Communities Practicing Alternative, Conscious, and Sustainable Living
A close brush with nature, in an ashram in Thailand, revitalised Smriti Kharb Magoo, resulting in her permanently adopting a nature-friendly lifestyle
Touched by the fast-changing trends of modern urban life, Pulitzer prize winner Ellen Goodman once remarked, “Normal is getting dressed in clothes that you buy for work and driving through traffic in a car that you are still paying for in order to get to a job you need to pay for the clothes, the car, and the house you leave vacant all day so you can afford to live in it.”
It resonates with you, right? Well, me too. Most of us living the urban dream are living through this rat race. And we have become so entangled in this web of accumulation that we have forgotten how to live life. We don’t care about our health and environment and have dragged the world to a stage where our natural resources are depleting. The air around us is not breathable, our rivers are dying, and so many species are near extinction. God’s finest creation has, in fact, become a curse for all of nature, heading towards a bleak future.
What we today refer to as an 'alternative lifestyle' is the way to live a normal life. A life where we care for each other, for animals, for the environment, and for our resources, leading to optimal health, happiness, and harmony. Seems tough? I guess, initially, it won’t be easy. But nothing worthwhile has ever been easy. Well, there are some individuals and societies that have already embraced this kind of lifestyle. Now, they eloquently confirm they had never been happier and healthier.
A tryst with nature
Last year, I was forcibly sent on a holiday by my husband, and it has changed me forever. I had been having anxiety attacks for over a year and nothing seemed to work. Then one day, my husband announced that I would be going to Thailand for 10 days. After a lot of debate, arguments, and coaxing, I relented and reached my destination. It was an ashram like I had heard in stories from my father. We had to do all our work by ourselves and also had to render service to the ashram. There, the day started at 4.00 a.m. We did yoga, grew our own vegetables, cooked our own food, looked after the cattle, animals, and plants; just anything and everything that nature beckoned us to do. There were no phones, no television, no Internet; just our chores and minds, and plenty of time of course! After the initial grumpiness, I enjoyed doing all this, and except for missing my family, there was no craving to return from this beautiful sojourn. I loved this life. On my return, when I met my husband at Delhi airport, the first thing he said was, “I missed that twinkle in your eyes all these years”. This unique holiday made me realise the true meaning of living. Until then, I was only surviving, not living. I was just alive and, like a robot, attending to my duties. Thankfully, now I was back to life again. I was filled with love and life instead of stress and anxiety. In a way, I felt closer to God. Expensive bags and watches do not attract me as much as the idea of trekking in the wilderness does. I jump with joy when I see a new fruit in my small terrace garden. It delights me immensely when I use our composted waste to nourish the plants in my garden.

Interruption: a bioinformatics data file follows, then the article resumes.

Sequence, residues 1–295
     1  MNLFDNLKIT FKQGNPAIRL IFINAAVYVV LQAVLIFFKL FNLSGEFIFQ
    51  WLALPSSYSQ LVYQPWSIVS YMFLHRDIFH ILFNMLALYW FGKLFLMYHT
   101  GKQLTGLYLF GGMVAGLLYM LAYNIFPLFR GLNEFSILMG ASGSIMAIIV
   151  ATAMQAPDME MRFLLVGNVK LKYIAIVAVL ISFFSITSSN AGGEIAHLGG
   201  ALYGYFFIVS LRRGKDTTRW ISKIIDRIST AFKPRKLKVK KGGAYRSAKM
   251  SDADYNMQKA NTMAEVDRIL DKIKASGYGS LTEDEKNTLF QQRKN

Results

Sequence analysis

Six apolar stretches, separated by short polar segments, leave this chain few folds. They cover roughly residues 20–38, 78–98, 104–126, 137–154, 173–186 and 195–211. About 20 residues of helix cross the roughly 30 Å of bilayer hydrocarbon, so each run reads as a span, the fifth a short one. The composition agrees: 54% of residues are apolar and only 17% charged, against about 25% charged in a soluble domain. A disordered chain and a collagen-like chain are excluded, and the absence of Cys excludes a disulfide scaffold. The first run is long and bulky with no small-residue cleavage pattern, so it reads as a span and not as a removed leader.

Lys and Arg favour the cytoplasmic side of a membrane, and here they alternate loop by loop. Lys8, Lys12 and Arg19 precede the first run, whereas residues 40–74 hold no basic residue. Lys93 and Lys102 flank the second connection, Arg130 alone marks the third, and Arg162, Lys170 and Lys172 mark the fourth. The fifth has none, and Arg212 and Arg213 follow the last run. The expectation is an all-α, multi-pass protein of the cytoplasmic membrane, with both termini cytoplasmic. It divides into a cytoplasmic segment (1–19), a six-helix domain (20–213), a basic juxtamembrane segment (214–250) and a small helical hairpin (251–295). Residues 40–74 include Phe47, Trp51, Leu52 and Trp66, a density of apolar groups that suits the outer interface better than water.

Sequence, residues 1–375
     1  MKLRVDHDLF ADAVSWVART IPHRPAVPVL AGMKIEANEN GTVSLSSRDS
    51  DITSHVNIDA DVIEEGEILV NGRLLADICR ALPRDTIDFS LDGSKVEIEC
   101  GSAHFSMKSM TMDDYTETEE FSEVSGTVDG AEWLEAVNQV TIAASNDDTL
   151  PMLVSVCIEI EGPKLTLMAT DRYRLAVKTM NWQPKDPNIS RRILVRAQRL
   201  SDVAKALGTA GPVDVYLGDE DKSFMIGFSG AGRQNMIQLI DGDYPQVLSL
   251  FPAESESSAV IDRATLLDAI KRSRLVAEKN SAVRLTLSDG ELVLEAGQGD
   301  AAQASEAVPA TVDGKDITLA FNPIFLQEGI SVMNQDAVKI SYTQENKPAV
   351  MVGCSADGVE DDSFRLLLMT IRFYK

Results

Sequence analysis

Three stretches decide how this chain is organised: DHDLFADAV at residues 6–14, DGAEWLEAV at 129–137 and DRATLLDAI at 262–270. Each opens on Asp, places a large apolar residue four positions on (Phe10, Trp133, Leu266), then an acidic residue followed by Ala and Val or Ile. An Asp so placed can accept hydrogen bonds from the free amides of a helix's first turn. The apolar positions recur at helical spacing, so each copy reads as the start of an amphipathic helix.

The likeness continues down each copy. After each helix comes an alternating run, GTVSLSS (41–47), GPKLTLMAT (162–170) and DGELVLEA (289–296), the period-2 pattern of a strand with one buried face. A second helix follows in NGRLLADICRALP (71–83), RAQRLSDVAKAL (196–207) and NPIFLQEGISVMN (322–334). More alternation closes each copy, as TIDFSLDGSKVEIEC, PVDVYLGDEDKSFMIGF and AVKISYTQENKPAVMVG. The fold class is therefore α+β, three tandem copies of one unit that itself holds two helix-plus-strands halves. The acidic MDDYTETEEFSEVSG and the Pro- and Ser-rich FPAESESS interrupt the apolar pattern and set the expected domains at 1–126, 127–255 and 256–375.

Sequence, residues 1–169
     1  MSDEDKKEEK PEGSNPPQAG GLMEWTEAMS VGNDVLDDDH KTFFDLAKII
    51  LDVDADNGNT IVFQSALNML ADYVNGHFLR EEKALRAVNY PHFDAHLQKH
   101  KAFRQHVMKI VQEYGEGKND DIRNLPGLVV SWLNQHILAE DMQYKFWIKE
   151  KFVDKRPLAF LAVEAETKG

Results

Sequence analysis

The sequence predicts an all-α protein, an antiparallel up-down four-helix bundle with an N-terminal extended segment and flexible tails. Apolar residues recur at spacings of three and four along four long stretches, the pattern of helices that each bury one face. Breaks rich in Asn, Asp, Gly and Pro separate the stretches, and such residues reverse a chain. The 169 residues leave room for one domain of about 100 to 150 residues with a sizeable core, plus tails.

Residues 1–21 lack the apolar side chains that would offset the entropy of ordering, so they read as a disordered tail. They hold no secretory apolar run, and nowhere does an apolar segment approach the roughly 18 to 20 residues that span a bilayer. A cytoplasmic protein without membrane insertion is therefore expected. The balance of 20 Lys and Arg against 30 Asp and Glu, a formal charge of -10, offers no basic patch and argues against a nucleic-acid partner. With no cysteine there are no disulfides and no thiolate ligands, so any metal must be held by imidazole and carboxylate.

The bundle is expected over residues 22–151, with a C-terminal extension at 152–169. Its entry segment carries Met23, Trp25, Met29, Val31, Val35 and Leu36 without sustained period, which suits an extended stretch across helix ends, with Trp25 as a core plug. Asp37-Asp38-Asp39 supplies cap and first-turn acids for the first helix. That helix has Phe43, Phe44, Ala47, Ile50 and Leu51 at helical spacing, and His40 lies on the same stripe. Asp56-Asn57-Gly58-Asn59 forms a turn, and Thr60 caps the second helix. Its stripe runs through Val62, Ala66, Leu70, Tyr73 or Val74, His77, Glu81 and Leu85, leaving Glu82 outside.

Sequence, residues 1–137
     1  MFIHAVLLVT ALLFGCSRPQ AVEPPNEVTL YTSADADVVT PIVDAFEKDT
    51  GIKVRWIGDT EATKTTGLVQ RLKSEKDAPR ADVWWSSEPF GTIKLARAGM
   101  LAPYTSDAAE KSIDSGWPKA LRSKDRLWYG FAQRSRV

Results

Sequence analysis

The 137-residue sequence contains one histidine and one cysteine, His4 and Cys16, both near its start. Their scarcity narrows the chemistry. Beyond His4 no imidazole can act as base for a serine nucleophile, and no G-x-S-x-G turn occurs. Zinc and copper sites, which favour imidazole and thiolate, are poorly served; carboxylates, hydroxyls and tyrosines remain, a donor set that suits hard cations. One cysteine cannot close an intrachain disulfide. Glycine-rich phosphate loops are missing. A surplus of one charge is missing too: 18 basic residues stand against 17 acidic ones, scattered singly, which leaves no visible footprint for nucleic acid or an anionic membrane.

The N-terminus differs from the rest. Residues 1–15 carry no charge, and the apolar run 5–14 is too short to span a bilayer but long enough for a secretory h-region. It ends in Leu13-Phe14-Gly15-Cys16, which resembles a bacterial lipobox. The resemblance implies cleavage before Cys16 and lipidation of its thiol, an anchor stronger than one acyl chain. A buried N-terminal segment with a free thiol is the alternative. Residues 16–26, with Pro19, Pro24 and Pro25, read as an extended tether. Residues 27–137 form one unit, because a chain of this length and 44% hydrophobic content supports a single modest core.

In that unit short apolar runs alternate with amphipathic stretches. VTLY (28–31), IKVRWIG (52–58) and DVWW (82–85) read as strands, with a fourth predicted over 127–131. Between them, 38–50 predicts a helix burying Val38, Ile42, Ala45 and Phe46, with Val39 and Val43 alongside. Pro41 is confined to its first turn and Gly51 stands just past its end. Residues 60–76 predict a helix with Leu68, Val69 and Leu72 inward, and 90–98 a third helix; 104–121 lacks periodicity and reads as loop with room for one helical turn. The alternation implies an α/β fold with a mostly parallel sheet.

It may initially seem difficult and not doable, but this is really the life we have denied to ourselves. In our rush to climb the career ladder and accumulate wealth, we have ruined our environment, orientation, and health, both physical and mental. It is indeed high time we started living again for ourselves and for nature.
While most of us are guilty of increasing the carbon footprint, there are some individuals and communities that are doing us the greatest service by setting new paradigms of symbiotic living so that all living beings and the environment benefit from them. Yes, an alternative lifestyle! Over the last few years, I have met many such individuals. There is an engineer in Bangalore who uses solar energy for lighting his house and heating water. He has surrounded his house with trees and has his own kitchen garden.